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Welcome to Sacred Heart Church

Welcome to Sacred Heart Church in Stamford, Connecticut, the Italian National Parish. We are a diverse community of many cultures where the love of Christ is brought to, and shared with our neighbors.

Jesus said "Love one another as I have loved you, it is in this love that they will know that you are my disciples".

All are welcome at Sacred Heart Church. You will find a warm, welcoming, family atmosphere here at Sacred Heart. It is the perfect setting for prayer, worship and spiritual enrichment.

Our liturgies are where our parishioners and those who visit, enjoy and live the sacraments of the Catholic Church as Christ being present to bring His love and tenderness to all in the Church. Please feel free to contact our office if you have any questions. We are looking forward to seeing you at Mass with us.

If you would like to become a parishioner, have any questions, or say hello please email us at [email protected].

Download the Family Registration Form
Download the New Member Form

Forms can be completed and returned to the rectory.

ALL ARE WELCOME !!!

From the Pastor's Desk

 

 

 

 

 

 

Dear Parishioners,

Speaking in the synagogue in Nazareth, Jesus used Isaiah’s prophetic terms, to describe his own mission “to bring Good News to the poor.” The success of Jesus’ mission, particularly with the poor who had no political power except that conferred by their sheer numbers, made Jesus a “dangerous” person to the religious authorities of Israel and eventually resulted in crucifixion. The Christian Gospel is still dangerous when its truth is really put into practice. This is clearly seen in the case of Archbishop Oscar Romero of El Salvador, who was assassinated while he was celebrating Mass because, like Jesus, he reminded people of the needs of the poor and the oppressed in El Salvador.  The story began in 1979 when a young priest, Father Grande, was shot and killed on the street of El Salvador. His “crime” was that he spoke out against the government, which brutally suppressed all forms of protests and executed thousands of innocent people using its notorious “Death Squads.”  When Fr. Grande’s great friend, Bishop Oscar Romero, was chosen to be the new Archbishop, the authorities thought he would keep quiet on the question of the oppressed poor in that country.  Instead, Archbishop Oscar Romero became an outspoken defender of the poor and a critic of the state-supported “Death Squads.” To honor the memory of his martyred friend, Romero refused to appear in any public ceremonies sponsored by the army or the government. He soon became the voice and conscience of El Salvador. His words and actions were reported throughout the whole world, so that everybody knew the atrocities happening in El Salvador. Romero’s fight for human rights led to his nomination for the Nobel Peace Prize. On March 24, 1980, at 6:25PM, as the Archbishop was offering Mass in a hospital Chapel, a shot from the back of the Church struck him in the chest, killing him instantly. Thus, Archbishop Oscar Romero died a martyr for the Gospel of Christ. He was beatified May 23, 2015 by Cardinal Angelo Amato representing Pope Francis and canonized by Pope Francis October 14, 2018, with the designation “Bishop and Martyr.” As we reflect today on Jesus’ words about his mission, let us remember Saint Oscar Romero and continue to strive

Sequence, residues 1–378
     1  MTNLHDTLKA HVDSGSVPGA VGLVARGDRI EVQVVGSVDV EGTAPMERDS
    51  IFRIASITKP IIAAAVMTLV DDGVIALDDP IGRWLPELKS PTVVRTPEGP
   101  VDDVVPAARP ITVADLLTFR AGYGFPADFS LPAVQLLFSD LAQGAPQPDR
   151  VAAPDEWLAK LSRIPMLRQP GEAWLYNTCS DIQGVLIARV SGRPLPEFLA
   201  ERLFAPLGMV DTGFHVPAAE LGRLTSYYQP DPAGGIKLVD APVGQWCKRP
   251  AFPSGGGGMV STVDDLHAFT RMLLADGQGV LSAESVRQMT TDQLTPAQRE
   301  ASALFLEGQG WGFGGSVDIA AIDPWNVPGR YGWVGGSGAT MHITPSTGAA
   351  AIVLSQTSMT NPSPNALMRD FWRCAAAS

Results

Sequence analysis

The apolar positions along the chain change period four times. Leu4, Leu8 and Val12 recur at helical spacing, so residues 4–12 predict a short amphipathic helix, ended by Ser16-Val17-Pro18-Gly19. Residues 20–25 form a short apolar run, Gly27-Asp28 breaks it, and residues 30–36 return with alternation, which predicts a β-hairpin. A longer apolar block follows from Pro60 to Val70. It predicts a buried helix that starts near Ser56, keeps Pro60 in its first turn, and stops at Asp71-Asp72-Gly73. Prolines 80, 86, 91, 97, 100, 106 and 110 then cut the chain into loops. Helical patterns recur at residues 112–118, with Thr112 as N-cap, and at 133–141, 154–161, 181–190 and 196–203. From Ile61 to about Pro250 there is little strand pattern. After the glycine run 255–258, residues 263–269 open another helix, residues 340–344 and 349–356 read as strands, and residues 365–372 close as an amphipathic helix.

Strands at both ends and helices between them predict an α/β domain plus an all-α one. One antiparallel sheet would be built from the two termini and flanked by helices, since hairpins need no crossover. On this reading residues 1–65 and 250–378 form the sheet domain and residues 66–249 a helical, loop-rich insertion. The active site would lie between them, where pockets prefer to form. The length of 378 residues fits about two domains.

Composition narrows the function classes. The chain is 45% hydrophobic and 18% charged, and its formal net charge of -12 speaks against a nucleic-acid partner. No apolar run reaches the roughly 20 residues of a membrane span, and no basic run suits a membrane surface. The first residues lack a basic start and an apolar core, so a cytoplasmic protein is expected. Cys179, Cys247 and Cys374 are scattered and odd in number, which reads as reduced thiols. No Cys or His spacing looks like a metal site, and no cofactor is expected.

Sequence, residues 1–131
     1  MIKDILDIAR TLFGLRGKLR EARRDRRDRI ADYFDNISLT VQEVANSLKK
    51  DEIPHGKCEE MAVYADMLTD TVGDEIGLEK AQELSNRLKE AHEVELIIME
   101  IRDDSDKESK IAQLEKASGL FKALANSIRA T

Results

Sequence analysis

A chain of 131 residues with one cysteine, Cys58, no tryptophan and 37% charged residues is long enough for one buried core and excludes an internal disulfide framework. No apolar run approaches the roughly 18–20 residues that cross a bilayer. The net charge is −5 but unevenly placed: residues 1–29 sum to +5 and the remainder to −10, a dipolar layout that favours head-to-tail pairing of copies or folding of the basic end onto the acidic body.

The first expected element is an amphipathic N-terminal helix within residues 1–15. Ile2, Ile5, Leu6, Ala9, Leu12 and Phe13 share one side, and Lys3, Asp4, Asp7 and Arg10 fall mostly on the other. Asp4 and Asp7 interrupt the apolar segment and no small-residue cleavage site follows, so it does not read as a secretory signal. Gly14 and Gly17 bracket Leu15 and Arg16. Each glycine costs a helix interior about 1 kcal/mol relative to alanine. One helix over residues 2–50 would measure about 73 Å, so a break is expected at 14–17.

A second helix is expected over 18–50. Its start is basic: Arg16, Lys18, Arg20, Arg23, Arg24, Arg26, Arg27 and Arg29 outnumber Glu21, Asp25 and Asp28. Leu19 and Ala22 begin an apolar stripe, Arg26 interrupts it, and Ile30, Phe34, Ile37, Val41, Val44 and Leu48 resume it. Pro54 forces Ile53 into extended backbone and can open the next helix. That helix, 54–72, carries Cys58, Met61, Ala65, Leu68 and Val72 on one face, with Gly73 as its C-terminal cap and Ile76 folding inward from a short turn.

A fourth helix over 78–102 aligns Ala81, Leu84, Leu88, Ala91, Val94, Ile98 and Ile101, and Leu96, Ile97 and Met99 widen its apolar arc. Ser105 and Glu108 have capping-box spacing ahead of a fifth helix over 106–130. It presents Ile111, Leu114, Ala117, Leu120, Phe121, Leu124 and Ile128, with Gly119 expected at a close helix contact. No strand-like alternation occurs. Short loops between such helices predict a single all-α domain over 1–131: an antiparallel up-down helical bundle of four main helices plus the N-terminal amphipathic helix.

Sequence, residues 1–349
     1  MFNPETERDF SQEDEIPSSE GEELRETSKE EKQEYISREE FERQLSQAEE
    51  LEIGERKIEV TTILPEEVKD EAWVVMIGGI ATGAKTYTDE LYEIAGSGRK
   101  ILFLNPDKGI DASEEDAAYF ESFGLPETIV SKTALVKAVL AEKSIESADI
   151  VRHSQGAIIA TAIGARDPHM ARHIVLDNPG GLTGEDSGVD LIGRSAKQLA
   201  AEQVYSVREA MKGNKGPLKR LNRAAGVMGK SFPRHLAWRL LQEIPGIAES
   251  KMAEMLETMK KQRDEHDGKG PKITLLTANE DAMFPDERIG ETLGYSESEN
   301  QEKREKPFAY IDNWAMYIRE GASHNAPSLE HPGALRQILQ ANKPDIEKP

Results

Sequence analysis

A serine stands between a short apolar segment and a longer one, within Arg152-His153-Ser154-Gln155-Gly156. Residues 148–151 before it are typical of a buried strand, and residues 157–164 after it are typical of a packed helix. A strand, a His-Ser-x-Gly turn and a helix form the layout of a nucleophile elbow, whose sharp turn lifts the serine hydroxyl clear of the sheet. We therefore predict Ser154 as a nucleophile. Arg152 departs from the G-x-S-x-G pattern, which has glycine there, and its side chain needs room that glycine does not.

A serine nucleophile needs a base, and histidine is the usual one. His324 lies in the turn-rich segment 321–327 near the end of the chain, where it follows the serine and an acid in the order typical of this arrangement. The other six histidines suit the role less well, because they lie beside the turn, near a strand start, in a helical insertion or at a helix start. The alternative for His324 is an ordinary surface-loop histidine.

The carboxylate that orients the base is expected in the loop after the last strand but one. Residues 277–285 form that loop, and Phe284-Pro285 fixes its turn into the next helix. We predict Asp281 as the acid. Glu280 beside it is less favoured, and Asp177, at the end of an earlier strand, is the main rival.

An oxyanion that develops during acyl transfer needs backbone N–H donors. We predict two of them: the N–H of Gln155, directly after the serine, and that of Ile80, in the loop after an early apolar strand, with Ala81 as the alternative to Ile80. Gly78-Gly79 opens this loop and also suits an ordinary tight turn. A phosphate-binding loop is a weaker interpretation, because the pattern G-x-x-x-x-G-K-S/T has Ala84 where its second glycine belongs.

to live out faithfully in our world and in our daily lives the “dangerous” truths of the “Good News” which is Jesus’ gift to us today.

Today’s first reading, taken from Nehemiah, and Luke’s Gospel both describe a public reading of Sacred Scripture which challenges the hearers to make a “fresh beginning” with a new outlook. In the first reading, after rebuilding the Temple and restoring the city, Ezra leads the people in a “Covenant renewal” ceremony by reading and interpreting the Law. Today’s Responsorial Psalm (Ps 19) sings the praises of the Law of the Lord and its effects on those who accept it. The Second Reading, taken from Paul’s first letter to the Corinthians, remind us that “together we are Christ’s Body, but each of us
is a different part of it.” This suggests that, as different parts of Christ’s Brody, each of us has a share, as instruments in God’s hands, in bringing the freeing and saving mission of Christ to our world in our times.